The effects of this procedure have been thought to depend upon the vascular relation between the affected organ and the adjacent skin surfaces. This explanation is applicable to superficial affections, intercostal neuralgia, etc., but does not explain the relief given in disturbances of deeper parts, which have an independent circulation.
A more recent explanation is that which has reference to the sensitiveness of the cutaneous nerves and their reflex action on the deeper parts. To this end areas of skin surfaces have been mapped out having such relations with the internal viscera, and both experimental and practical observations seem to confirm these relations, a single example of which is that between the kidneys and the skin of the lower lumbar region.
Counter-irritation is produced by anything that will cause a congestion or inflammation of the skin. The varying degrees of irritation are termed rubefacient, vesicant, pustulent, or escharotic action. The first, or mildest, is the most frequently desired, and is produced by dry heat, liniments, and stimulating paints or poultices.
Dry Heat is applied locally by hot water, sand, salt or bran bags, and by various hand stoves.
Liniments are valuable counter-irritants, and do good not only by producing rubefacient action, but by the massage used in applying them. Blistering with liniments is not advisable, hence most liniments should not be applied to the skin on cloths, and only the weaker liniments should be applied to young children. The official stimulating liniments, in the order of their strength, are: Linimentum Camphorae. Linimentum Saponis. Linimentum Chloroformi. Linimentum Ammoniac Menthol Preparations.
Iodine in the form of the tincture, is the paint most used for counter-irritant action. It is applied with a camel's hair brush, and the application is repeated daily, or at longer intervals, depending upon the reaction. It should not be used long enough to produce either blistering or leathering of the skin. Iodine ointment (Un-guentum Iodi) is also used, and may be applied twice daily for a long time without producing vesication.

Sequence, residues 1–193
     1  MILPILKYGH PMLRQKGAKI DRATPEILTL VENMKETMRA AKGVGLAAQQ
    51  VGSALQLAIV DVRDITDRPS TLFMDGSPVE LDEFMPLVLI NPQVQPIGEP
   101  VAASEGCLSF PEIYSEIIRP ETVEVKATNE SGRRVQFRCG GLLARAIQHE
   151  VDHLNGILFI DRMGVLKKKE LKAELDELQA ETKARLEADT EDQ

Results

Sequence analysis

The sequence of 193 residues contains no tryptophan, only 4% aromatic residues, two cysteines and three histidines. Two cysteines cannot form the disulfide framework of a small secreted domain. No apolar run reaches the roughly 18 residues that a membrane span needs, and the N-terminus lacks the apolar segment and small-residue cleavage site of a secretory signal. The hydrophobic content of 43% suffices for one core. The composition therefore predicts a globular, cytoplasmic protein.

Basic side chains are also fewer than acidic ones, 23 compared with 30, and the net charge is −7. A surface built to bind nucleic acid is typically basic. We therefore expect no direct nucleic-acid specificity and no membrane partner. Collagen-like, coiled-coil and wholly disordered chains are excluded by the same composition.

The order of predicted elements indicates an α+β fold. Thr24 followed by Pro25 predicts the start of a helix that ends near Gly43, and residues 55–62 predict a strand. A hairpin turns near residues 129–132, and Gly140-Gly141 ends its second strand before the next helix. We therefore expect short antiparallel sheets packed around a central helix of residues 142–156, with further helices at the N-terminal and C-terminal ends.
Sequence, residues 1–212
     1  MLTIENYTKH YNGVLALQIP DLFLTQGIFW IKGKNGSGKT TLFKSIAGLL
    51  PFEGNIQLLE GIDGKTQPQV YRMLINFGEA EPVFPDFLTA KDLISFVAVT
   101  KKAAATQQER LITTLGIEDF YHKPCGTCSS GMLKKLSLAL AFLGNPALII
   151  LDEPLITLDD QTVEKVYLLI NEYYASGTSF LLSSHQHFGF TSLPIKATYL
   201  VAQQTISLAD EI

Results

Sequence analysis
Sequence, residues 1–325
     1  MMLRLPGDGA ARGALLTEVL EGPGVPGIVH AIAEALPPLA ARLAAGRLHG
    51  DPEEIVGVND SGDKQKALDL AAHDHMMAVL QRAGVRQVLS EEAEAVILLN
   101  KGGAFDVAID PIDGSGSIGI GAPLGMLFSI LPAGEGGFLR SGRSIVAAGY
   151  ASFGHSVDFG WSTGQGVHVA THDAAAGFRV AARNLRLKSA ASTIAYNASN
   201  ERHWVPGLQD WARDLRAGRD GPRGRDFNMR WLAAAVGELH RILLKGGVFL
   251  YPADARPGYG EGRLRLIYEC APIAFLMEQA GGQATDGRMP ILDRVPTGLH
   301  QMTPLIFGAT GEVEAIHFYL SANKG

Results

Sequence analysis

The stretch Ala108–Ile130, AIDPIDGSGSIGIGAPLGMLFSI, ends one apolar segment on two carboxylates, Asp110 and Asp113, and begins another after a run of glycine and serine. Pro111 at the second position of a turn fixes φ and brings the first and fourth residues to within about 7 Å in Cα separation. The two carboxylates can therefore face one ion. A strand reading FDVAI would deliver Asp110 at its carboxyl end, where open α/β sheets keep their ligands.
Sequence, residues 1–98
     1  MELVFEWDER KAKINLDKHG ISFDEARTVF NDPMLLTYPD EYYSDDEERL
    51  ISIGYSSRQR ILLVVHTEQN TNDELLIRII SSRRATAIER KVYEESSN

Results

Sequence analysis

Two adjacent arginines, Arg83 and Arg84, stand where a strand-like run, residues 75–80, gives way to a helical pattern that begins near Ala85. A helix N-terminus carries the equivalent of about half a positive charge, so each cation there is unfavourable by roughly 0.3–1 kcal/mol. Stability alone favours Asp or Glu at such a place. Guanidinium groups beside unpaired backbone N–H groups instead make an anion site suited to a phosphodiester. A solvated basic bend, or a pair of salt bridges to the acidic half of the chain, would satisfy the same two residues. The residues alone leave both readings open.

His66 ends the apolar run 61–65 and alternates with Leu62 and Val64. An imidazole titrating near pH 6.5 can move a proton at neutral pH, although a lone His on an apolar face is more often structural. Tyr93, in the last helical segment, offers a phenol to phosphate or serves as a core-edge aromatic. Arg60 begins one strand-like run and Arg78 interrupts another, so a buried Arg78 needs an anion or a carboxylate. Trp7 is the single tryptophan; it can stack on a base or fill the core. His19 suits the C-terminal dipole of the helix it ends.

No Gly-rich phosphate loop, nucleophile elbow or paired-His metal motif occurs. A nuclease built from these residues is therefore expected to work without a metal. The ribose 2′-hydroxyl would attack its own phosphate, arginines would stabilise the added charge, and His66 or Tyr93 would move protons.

Ichthyol is used as a counter-irritant, and there are various stimulating preparations furnished in collapsible tubes, the best of which are capsicum, and menthol preparations.
Mustard is a valuable popular rubefacient. A convenient form of application is by medicated papers which are sold in packages. A paper is moistened and applied to the skin with a single layer of gauze intervening. It is then covered with any protective material and left on for a variable length of time, depending upon the reaction, but to blister with mustard is not advisable, as such a blister is slow to heal.
Quite as commonly used is the home-made plaster, which is prepared from equal parts of mustard and flour (flaxseed meal is better, if at hand). The mixture should be stirred to a paste with warm, not hot, water, then spread upon an old piece of muslin or cotton and applied to the skin. It may be left on from fifteen to thirty minutes. A longer application is liable to produce blisters. If the application is to be made to a child, or to a very delicate skin, the proportion of flour or flaxseed to mustard should be three to one.
A Turpentine Stupe is prepared by wringing out a piece of flannel in hot water, folding it several times and sprink ling a half teaspoonful of spirit of turpentine upon it. It should be applied closely to the part, and, if a leg or arm, bandaged on.